Friday, April 26, 2013

Tips On Clubbing In Sao Paulo


A couple of months ago I wrote an article for the foreigner website mydestination, on clubbing in Sao Paulo. Mydestination is a great site for tips and advice, on where to go and what to do in the city.

Check it out here....mydestination.com/saopaulo

Nestled away in Latin America’s largest concrete jungle are some amazing night clubs. The city has so much to offer in the way of clubbing that you’re definitely spoilt for choice when it comes to choosing a place to party over here. But as I found out not long after arriving in this city, you’re likely to find that the experience of clubbing will be slightly different to the one you may be used to back home. So if you’re new to the city (or indeed to Brazil itself) and you’re here to experience some of Sao Paulo’s finest night clubs, here are five things you might want to know before heading out:

 #1: You’re Likely To Get ID-ed

It was my first night out in the city, and I couldn't help but look blankly at the beef cake guarding the entrance to the club doors after he spoke to me. I really wanted to understand what he had just asked, however having been in Brazil for just a few weeks, it was glaringly obvious to me that my vocabulary bank of about ten words was of little use. As my face screwed up into an expression of panic, my Portuguese speaking friend was luckily nearby to offer a translation.


“He wants to see your ID”.

‘My ID!’ I thought to myself, ‘he wants to see my ID!?! Really….this is AMAZING!’  I’d been advised to bring my ID out, just in case; but this was the first time in over ten years that I’d been asked to show it on my way in to a night club. In the clubs in the UK, you only really get asked to show identification if you look under 21, so naturally I felt quite flattered! I assumed that despite approaching 30 with an ever receding hair line, I was being asked to prove my age because in Brazil, for whatever reason, I looked youthful.

 “That’s right Andrew, you've STILL got it!” I told myself as I flashed him my passport “ You've STILL got it!”
Yet it was only after I’d been waved into the club that I turned around, and saw that my friend was being asked to show his passport too. The woman stood in line behind him was also pulling out her ID, ready for inspection.

So it turns out that everyone can expect to be ID-ed when entering the big clubs over here, not just those who are as young looking as myself! There are some clubs where you can get away without having it, especially if you’re partying Sunday through to Thursday.  BUT if I’m dragging my showered ass over to a night club, I’m going to be taking ID out with me no matter what day of the week it is…to make sure I’m going to be getting in. A photocopy of your ID will be sufficient in some places, but again, this is not always the case…so if you don’t feel comfortable taking your documents out, I’d suggest calling the club ahead to check. And if you do need to take your passport out, make sure you’re able to put it somewhere safe after it’s been inspected.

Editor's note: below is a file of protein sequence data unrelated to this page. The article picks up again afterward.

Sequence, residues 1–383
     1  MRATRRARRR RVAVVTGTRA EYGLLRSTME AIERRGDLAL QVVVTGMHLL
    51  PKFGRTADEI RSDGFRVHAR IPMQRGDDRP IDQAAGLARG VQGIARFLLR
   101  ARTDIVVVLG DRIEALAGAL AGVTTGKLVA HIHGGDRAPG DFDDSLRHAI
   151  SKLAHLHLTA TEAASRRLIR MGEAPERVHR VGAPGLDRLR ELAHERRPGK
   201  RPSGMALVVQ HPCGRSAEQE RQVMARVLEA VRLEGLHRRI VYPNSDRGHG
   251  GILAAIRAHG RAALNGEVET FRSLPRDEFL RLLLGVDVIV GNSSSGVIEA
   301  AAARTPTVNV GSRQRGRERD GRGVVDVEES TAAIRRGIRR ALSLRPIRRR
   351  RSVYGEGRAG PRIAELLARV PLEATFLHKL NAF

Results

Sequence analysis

#2: You’ll Want To Know What Consumação Means

Once inside the club, you’re likely to find yourself waiting in another line to speak to someone behind a desk. Here you’ll probably be asked the following question:“Consumação ou Entrada?”  What the member of staff is asking you here, is if you want to pay a cover charge or take the more expensive consumação option (a literal translation of this word is ‘consumption’).

D Edge, Sao Paulo
Let me give you an example of how this works. Let’s imagine that the nightclub you’ve just entered charges a R$20 cover to get in, but it’s R$40 if you go for the consumption option. If you pay “entrada,” you’ll need to pay R$20 PLUS whatever you consume in drinks. But if you opt for consumption you can use the R$40 to drink, and if you consume this amount or more, then you don’t need to pay a cover charge. If you purchase less than R$40 worth of drinks though, you will still pay R$40. So thinking about it, it’s actually worthwhile to take the consumaçãooption if you plan on doing a lot of drinking!

I gave you a cheap example here, but some places in Sao Paulo are a lot more expensive. Well, when I say ‘some places’ what I actually mean is ‘a hell of a lot of places!’ If you’re not a drinker, or you’re driving that evening, then it’s probably wise to just go for the cover charge and drink from your friends’ consumption cards to save money.

So in exchange for your ID number and your answer to the “consumação ou entrada?”  question, unless you’re at an ‘open bar’ party (which means all you can drink) you’re going to be given a card on which you can get your drinks at the bar. This card effectively works as a way to record your bar tab, and is either going to come in a paper or plastic form. Personally I prefer the paper cards, because after ordering your drink at the bar the bartender will physically score off how much you've spent on the card with a pen; and this means you can check how much your tab will come to at any point during your evening. However the plastic cards don’t give you that luxury, so after scanning/ swiping your card through their computer system, unless you are able to ask the bartender how much you've spent, you will need to keep a mental note of how much your bill is going to amount to.

Let’s be honest, after a few hours of dancing and drinking, remembering how much of a tab you've run up is easier said than done!

So what happens then if you find you've lost your card or don’t have enough money to settle your bill? Well, this is a good question, and one I’m fortunately not in a position to be able to answer. Having heard a few horror stories though, what I will say is this…be careful, and guard that card WITH YOUR LIFE!

On the plus side, with this card system you’re going to find yourself being served quicker than you would back home, because the bartender isn’t also dealing with change…so this card system is actually not a bad idea, because really, the last thing you want to be doing after standing in a long queue to get into a club, is to stand in another long queue to wait for your drinks.

#3: Men dance in clubs